Trapping forced me to get down in the water and examine every square foot of riverbank for tracks, scat or other sign. Sometimes a small stick or a clump of grass would determine where an animal was going to place its foot or stick its head.

I was amazed at how many furbearers roamed the woods at night. These animals are rarely seen by people, except perhaps a fleeting glimpse in passing headlights. Missouri furbearers are much more abundant than most people realize.

Lesson 5

Animal welfare

At first, I wasn’t sure how I felt about capturing animals for their fur. When I hunt, I always try for the quickest, most humane kill possible. I was impressed to learn that modern traps have improved designs to enhance animal welfare.

Some traps today have padded rubber jaws, others have jaws that are extra wide or do not close completely to allow a looser grip and better circulation. Some modern traps kill the animal quickly by striking it behind the head, much like a giant mousetrap. It is in the interest of the trapper to cause the least amount of stress and pain to the captured animal. Any excess stress caused to the animal will lower the quality of the pelt and affect the price the trapper receives for the fur.

Trappers strive to dispatch animals as quickly and painlessly as possible. I have learned firsthand that trapping can be done humanely.

Lesson 6

Beavers are brutes

guess it makes sense that a critter that eats trees for breakfast, lunch and dinner would be one of the toughest animals the woods. Beavers have no natural predators, and it is easy to see why. They are equipped with 3-inch-long chisel-sharp teeth on the business end of a stump-like body of solid muscle.

Making a beaver set often involves chopping wood, scooping mud and hammering stakes— all in ice-cold water. Furthermore, the traps used for beavers are big, heavy and powerful. Even carrying a beaver out of the woods is tough. The biggest beaver I caught my first year was 53 pounds. I suggest that a beginner start with muskrat or raccoon trapping and graduate to beavers if you want more of a challenge.

Lesson 7

Few young trappers

Through the Missouri Trappers Association, I met men with names like “Griz” and “Bug.” They seemed every bit as tough and colorful as the mountain men who settled the West must have been. Apparently, it takes something serious to keep these guys from trapping. They are also serious about helping kids.

A fur buyer in Lebanon offered to buy my students’ furs at a premium, in spite of market conditions, just to encourage them to trap. At an MTA auction an auctioneer appealed to the buyers to raise their bids when he realized my kids were involved in the project. Afterward, I joked with my children that we were starting the Kitchen Fur Company. They took me literally and believed we had begun a real business with real profits. From that day on we checked traps together and split the “profits” three ways.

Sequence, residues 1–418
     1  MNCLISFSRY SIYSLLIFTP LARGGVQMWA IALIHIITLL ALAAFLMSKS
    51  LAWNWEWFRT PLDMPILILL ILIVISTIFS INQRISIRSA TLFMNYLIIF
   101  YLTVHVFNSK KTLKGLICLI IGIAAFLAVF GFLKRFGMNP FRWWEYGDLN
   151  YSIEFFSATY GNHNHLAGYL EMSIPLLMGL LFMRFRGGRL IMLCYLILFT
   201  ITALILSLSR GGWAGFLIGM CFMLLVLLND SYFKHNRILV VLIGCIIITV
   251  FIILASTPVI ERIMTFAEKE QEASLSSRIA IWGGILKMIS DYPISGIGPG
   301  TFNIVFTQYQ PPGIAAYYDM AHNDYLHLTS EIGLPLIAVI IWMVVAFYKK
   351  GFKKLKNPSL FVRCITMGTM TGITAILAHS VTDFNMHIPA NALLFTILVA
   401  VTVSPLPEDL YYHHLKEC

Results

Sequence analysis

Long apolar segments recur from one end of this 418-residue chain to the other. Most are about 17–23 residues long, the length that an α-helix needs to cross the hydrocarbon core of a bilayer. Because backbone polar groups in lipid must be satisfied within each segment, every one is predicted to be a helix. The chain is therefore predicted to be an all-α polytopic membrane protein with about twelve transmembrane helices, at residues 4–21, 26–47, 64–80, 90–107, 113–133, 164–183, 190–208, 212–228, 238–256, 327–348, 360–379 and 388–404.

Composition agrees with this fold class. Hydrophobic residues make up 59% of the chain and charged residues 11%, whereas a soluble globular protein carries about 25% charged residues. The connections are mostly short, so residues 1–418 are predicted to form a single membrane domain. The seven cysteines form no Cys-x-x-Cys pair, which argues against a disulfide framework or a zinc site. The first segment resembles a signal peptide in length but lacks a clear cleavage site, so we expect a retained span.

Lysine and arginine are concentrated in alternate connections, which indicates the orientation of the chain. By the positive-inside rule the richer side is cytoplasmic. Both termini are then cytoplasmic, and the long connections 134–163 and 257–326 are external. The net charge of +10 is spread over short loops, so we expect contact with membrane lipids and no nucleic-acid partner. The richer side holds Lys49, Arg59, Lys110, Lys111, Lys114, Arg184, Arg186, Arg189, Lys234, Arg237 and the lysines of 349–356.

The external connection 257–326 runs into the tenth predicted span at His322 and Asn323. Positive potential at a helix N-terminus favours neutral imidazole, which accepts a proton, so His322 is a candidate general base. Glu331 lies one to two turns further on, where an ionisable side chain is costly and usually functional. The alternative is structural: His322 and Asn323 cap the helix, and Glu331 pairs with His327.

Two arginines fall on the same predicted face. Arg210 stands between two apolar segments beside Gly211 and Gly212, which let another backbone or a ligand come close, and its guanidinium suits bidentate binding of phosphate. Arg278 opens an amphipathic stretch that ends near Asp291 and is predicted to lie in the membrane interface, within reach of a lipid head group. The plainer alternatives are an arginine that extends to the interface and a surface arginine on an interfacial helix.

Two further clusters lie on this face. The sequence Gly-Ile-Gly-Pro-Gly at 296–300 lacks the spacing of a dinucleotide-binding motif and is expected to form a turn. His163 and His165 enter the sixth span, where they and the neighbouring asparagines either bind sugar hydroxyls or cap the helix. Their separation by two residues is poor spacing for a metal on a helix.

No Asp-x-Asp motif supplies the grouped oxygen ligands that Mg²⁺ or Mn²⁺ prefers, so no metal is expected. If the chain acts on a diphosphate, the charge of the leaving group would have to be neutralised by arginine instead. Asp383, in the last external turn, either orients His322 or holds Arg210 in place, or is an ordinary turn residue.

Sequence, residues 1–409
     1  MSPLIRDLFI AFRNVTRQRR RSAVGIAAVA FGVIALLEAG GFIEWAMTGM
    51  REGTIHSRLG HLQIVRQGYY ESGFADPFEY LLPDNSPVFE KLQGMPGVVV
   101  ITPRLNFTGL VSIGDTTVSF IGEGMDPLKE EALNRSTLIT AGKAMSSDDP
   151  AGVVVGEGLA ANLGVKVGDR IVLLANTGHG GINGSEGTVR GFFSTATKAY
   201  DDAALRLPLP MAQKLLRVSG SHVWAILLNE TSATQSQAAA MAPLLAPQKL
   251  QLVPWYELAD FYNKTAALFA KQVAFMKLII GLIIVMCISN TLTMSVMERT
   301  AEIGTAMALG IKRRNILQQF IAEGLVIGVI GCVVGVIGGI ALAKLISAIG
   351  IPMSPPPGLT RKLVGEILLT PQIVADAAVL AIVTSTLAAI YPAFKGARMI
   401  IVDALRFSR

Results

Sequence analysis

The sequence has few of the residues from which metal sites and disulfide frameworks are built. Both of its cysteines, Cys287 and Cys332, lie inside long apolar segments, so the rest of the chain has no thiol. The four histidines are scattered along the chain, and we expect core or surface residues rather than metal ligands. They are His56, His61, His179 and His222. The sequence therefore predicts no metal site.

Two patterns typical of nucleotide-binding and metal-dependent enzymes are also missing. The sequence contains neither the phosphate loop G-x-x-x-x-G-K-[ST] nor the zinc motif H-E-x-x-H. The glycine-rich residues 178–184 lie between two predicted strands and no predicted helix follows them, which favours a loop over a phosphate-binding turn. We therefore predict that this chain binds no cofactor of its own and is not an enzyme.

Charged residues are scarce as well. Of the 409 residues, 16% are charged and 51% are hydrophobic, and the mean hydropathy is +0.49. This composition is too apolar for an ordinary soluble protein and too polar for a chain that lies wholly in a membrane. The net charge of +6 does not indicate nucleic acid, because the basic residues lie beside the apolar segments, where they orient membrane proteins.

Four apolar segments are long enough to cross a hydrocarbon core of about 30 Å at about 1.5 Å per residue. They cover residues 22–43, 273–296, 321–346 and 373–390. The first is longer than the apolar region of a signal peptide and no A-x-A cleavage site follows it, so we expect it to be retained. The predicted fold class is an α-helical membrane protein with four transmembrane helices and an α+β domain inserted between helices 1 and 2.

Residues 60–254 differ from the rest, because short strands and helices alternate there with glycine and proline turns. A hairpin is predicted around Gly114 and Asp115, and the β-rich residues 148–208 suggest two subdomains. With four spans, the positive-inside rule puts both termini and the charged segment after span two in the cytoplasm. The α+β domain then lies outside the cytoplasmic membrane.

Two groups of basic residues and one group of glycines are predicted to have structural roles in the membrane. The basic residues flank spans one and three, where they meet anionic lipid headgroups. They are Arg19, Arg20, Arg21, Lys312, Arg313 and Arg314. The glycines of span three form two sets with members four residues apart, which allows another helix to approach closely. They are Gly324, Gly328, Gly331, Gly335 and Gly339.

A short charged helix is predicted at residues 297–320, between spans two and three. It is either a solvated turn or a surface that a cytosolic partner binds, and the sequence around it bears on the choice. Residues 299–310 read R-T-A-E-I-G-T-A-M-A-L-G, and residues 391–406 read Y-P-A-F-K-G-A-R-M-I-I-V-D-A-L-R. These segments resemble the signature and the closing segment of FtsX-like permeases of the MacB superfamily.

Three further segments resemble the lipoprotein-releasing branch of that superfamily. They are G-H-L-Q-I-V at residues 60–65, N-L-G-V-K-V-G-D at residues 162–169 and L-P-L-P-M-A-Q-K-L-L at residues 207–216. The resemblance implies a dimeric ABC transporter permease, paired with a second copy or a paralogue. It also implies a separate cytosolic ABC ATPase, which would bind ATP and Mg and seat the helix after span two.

It has been six years since my first trapping season. Each year I have learned more about trapping and more about Missouri furbearers. I now tan hides, and I have added to my trap line. I teach an extensive trapping unit as part of my conservation class each year.

One might wonder after reading this why anyone would choose to trap. Fur trapping is a unique sport that results in harvesting a commercially valuable renewable resource from nature. Though it’s not likely you’ll be able to make a living off the land in this way, it can add a little income and a lot of enjoyment to your outdoor adventures.

If you do decide to try fur trapping, learn as much as possible before you ever set your first trap. Use modern equipment, ethical practices and humane techniques. Add a different dimension to your outdoor experience, and don’t forget to bring a kid along!

For More Information

Learn more about trapping through the Department’s Web site or the Missouri Trappers Association through the links listed below.

Also In This Issue

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This Issue's Staff

Editor In Chief - Ara Clark
Managing Editor - Nichole LeClair Terrill
Art Director - Cliff White
Writer/Editor - Tom Cwynar
Staff Writer - Bonnie Chasteen
Staff Writer - Jim Low
Photographer - Noppadol Paothong
Photographer - David Stonner
Designer - Stephanie Thurber
Artist - Dave Besenger
Artist - Mark Raithel
Circulation - Laura Scheuler